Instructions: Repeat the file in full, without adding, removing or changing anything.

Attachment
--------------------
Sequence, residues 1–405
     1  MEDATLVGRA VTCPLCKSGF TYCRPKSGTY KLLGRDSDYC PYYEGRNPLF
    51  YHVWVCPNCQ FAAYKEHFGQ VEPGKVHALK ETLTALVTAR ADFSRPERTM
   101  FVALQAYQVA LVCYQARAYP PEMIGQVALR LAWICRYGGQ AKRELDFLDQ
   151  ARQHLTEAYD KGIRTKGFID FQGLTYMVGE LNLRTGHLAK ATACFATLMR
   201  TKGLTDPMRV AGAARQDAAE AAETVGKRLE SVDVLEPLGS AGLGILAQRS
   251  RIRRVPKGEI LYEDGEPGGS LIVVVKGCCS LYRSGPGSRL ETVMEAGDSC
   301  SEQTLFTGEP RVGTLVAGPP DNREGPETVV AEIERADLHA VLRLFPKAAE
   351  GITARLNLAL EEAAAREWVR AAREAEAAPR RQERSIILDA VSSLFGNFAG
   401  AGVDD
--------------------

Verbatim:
Sequence, residues 1–405
     1  MEDATLVGRA VTCPLCKSGF TYCRPKSGTY KLLGRDSDYC PYYEGRNPLF
    51  YHVWVCPNCQ FAAYKEHFGQ VEPGKVHALK ETLTALVTAR ADFSRPERTM
   101  FVALQAYQVA LVCYQARAYP PEMIGQVALR LAWICRYGGQ AKRELDFLDQ
   151  ARQHLTEAYD KGIRTKGFID FQGLTYMVGE LNLRTGHLAK ATACFATLMR
   201  TKGLTDPMRV AGAARQDAAE AAETVGKRLE SVDVLEPLGS AGLGILAQRS
   251  RIRRVPKGEI LYEDGEPGGS LIVVVKGCCS LYRSGPGSRL ETVMEAGDSC
   301  SEQTLFTGEP RVGTLVAGPP DNREGPETVV AEIERADLHA VLRLFPKAAE
   351  GITARLNLAL EEAAAREWVR AAREAEAAPR RQERSIILDA VSSLFGNFAG
   401  AGVDD